The Lumahawk LED Light

November 1, 2011 at 4:08 pm  •  Posted in Cool Gadgets by

With the “brown season” upon us, I am already beginning to miss the short colourful months where I can relax in the yard and take endless photographs of blossoms and sprouting greenery. Sure, I could take macro shots of the dead leaves on the ground or the frost gathering on the blades of yellowed grass, but to be honest I find that rather depressing. My friend suggested that I just go buy some flowers and shoot them inside. I hemmed and hawed about the idea of using studio lights to shoot my flowers. That was until I tried out a Lumahawk LED light. This constant light gave me the ability to illuminate my subject using a very natural looking source but in a more controllable way.
For my test, I used the LMX-LD144AS, which can be used as an on camera LED light. It can also be attached to a light stand with a 1/4” thread if you want a little more flexibility in directing the light. I prefer to use it off camera because I find it easier to mix the lighting. It has a dimmable output from full to quarter-power and has variable light temperature, from 3200 Kelvin to daylight balanced 5600 Kelvin. I really appreciate how adjustable this light is. When the weather improves, I could even see myself bringing it outside as a subtle fill light.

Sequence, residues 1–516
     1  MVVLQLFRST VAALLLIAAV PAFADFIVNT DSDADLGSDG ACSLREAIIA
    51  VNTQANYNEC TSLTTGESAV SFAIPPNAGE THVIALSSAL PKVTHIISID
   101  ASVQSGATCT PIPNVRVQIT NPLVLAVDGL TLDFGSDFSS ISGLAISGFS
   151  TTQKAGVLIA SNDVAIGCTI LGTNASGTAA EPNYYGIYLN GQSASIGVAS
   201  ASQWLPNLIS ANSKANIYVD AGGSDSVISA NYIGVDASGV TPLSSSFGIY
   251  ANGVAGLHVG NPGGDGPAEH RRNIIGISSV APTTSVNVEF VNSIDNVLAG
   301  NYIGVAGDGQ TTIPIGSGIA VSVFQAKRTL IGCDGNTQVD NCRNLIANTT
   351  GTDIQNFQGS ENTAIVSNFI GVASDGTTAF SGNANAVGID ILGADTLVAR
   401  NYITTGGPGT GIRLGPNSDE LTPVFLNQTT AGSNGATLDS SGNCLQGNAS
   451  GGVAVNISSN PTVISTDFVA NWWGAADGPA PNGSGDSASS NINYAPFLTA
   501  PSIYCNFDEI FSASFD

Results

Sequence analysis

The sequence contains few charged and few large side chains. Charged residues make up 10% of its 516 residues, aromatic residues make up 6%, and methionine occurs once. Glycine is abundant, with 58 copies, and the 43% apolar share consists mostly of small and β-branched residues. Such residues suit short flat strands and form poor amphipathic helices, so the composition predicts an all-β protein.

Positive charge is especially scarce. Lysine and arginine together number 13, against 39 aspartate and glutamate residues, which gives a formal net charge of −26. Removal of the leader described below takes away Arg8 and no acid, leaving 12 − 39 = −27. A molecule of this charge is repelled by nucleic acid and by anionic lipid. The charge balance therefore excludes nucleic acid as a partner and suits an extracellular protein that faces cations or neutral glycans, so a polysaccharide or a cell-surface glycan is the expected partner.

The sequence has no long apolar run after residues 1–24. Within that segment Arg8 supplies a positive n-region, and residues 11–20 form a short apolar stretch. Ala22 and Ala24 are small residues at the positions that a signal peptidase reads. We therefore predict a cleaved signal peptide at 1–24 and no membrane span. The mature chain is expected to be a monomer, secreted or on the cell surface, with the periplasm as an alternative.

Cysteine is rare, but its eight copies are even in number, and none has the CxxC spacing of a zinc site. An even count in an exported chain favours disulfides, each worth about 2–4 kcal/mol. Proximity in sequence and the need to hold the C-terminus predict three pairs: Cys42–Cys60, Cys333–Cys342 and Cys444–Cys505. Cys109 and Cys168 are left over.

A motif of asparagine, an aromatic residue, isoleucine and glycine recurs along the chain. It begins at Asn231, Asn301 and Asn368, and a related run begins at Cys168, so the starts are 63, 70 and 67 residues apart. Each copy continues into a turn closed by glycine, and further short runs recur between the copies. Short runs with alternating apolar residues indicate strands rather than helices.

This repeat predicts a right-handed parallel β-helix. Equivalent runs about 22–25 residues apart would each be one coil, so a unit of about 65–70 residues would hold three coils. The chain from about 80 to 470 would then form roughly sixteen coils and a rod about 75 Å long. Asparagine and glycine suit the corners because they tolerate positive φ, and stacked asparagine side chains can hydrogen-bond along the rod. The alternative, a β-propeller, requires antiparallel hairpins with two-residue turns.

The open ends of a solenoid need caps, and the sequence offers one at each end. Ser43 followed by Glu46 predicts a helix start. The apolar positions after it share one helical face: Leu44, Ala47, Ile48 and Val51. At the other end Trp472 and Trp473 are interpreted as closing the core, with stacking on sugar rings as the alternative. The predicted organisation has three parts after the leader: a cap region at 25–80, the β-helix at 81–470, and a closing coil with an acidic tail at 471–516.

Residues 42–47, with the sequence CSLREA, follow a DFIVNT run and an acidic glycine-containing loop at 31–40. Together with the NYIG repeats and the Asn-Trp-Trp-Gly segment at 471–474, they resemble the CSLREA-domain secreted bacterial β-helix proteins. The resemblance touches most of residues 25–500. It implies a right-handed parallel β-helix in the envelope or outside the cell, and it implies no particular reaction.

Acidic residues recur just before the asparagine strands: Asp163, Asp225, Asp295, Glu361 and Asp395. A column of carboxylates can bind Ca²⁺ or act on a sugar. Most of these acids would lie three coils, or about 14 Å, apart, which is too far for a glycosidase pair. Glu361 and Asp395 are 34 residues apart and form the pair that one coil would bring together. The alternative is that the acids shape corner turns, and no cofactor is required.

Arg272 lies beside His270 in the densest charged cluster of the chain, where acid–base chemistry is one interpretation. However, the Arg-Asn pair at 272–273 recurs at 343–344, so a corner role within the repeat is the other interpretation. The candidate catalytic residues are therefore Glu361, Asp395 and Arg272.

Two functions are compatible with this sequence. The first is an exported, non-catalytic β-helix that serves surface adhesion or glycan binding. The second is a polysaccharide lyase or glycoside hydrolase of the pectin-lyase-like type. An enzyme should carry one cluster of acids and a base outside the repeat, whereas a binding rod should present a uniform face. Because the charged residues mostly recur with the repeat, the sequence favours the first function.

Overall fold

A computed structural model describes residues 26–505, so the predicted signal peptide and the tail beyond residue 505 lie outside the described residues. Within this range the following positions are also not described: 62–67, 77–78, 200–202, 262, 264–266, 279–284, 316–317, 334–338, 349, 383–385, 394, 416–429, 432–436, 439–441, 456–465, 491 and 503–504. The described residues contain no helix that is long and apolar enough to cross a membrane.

In my opinion, the best part about Lumahawk lights is the amount of illumination you get from such a small source. The LMX-LD144AS gives off a 144W Tungsten-wattage equivalence, and the unit itself is relatively small weighing in at only 200 g and is measuring a few inches wide by about an inch deep. It gives truth to the saying “the best things can sometimes come in small packages.” That being said, Lumahawk also makes larger lights with even more output. I used the light for macro work but the larger ones could be used for portrait photography or would make fantastic video lights. The other great thing about Lumahawk lights is the price point: the LMX-LD144AS is only $224, which is fairly reasonable for this type of lighting system. For more information about Lumahawk lights visit thecamerastore.com or www.nadel.com.